Yes, they are in Kansas anymore, still carrying on

The rock band Kansas plays Red Rock Resort on Saturday as part of its 40th anniversary year. The classic rock die-hards probably would have stuck around anyway, but casinos sure made at least a fourth of their run a lot more comfortable.

The thought occurred to me near the end of a phone chat last week with the band’s guitarist, Rich Williams. We had talked about the things we needed to cover, such as an upcoming documentary about the band (Come back Friday for more on that in the Neon section).

We spent the last few minutes talking about how often the group has played Las Vegas over the years. Kansas was early to the locals casino game, playing Boulder Station back in 2000 after previous stops that included the bygone Beach nightclub and Huntridge Theater.

“I love playing a casino,” Williams said. “You stay right there, you walk over to sound check, rooms are covered, free chow. A lot of places you do two nights. What’s not to like about it?”

Maybe only too much of a good thing.

A local date by these high school favorites will always catch my eye. Their namesake state bordered mine during their peak years in the ’70s. They were one of my first concerts.

When I think about how exciting it was to see them in an arena back then, I chuckle at the irony of the current incarnation playing Las Vegas more often than I need to see them. The Orleans, Texas Station, the Stardust, Fremont Street, the House of Blues at Mandalay Bay. Maybe some I missed in an archive search. And those don’t count packaged tours with fellow road warriors such as Foreigner and Styx.

During the heyday of “Carry On Wayward Son” and “Dust in the Wind,” Kansas was one of the groups to play the Aladdin theater, a venue quite non-reflective of the Strip at the time.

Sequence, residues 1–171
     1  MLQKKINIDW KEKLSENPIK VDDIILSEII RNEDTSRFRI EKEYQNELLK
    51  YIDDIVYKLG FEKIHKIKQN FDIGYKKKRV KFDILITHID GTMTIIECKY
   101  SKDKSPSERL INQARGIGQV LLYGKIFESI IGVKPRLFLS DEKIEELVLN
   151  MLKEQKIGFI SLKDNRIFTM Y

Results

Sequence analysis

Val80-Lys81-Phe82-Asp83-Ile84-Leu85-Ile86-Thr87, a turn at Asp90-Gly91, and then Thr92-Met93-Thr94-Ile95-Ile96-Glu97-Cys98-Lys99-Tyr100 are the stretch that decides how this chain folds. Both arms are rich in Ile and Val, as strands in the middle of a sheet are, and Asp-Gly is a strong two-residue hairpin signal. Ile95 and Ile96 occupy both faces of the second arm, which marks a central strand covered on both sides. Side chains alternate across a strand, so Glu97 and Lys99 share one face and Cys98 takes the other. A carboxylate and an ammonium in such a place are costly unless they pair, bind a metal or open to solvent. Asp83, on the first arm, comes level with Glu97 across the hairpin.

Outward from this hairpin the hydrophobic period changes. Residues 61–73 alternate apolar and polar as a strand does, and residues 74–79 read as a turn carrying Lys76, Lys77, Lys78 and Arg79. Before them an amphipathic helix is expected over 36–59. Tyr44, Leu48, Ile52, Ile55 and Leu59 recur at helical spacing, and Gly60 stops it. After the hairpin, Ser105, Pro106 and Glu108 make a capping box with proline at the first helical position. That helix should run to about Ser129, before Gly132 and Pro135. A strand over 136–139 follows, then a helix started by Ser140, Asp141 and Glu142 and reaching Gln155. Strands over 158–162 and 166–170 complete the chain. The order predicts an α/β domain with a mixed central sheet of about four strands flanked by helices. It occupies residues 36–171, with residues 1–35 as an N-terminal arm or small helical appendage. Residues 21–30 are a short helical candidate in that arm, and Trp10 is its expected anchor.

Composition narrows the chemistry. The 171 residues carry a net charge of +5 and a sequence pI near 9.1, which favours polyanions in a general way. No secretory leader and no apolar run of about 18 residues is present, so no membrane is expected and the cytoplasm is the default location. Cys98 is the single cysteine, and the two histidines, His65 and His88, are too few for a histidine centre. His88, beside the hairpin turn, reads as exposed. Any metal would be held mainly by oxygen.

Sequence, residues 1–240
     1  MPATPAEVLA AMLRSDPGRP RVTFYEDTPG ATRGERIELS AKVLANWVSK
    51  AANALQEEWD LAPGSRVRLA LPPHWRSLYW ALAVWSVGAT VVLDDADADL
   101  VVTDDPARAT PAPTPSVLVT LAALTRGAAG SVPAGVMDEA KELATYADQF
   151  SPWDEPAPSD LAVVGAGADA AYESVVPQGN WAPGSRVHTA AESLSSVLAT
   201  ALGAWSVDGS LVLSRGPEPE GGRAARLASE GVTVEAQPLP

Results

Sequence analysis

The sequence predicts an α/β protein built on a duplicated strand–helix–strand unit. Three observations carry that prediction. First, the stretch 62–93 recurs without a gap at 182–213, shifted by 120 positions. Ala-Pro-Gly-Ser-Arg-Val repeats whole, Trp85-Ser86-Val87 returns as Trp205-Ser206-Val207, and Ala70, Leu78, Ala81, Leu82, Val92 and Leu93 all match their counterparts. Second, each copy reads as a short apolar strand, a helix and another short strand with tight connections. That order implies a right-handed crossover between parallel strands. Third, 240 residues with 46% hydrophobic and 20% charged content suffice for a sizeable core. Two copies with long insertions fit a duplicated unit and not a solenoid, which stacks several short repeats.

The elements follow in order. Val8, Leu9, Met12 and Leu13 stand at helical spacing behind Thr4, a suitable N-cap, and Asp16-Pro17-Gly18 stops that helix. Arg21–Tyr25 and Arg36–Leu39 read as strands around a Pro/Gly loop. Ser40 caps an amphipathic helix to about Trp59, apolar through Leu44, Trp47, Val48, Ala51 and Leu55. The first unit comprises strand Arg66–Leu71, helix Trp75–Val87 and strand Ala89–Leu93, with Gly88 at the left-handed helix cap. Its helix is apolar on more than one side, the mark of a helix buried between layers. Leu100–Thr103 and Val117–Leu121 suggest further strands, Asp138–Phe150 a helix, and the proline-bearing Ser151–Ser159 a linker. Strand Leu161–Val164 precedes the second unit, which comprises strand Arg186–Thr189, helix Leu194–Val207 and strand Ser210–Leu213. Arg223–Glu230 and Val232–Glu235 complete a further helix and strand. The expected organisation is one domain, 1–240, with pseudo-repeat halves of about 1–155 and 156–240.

The reaction was, “You guys are playing Vegas? Wow, you’re selling out,” Williams recalls. “Now there are casinos everywhere and rock bands are playing them all.”

Las Vegans may not even keep up on the explosion of tribal casinos around the country until they leave town. And even then, why take sand to the beach? I don’t need to visit the Hard Rock Hotel when I visit family in Tulsa, Okla., because we have a perfectly good one here.

But Williams stepped through some specifics of how casinos around the country have made life easier for aging road dogs.

“We’ve retooled things,” he says of playing about 70 shows a year, nearly all of them on weekends. “That way you get a home life, you don’t get burned out. You’re not crammed on a bus. We fly everywhere and truck the gear.”

I told him that sounded good, because I remember seeing the group when it just seemed tired and out of gas.

“The bus years are a blur,” he said of the ’90s and venues such as The Beach (which was on Paradise Road, across from the Las Vegas Convention Center). “I don’t remember much. You pull up behind a building, get off the bus, go in, get back on the bus, you drive, walk back into a different building.”

And the routing.

“You’re in Omaha (Neb.) on a Sunday and Friday you’re playing in Los Angeles. You’ve gotta pick dates along the way. Now it’s Tuesday night, you’re in Thermopolis, Wyo., playing a bowling alley for no money just to pay your expenses.”

Most casinos and cruise ships now have quality in-house light and sound systems that can allow a band to “plug and play” when it carries on to the Gold Country Casino in Oroville, Calif., the Seneca Allegany in Salamanca, N.Y., or the Choctaw Casino in Pocola, Okla.

“We manage ourselves, so we pick and choose when and where (to play),” Williams says. “Financially we make the same money doing weekends,” because most locals-oriented casinos don’t care about weeknight shows either. “We’re not getting burned out so we still enjoy it. It works for us.”

Contact reporter Mike Weatherford at or 702-383-0288.

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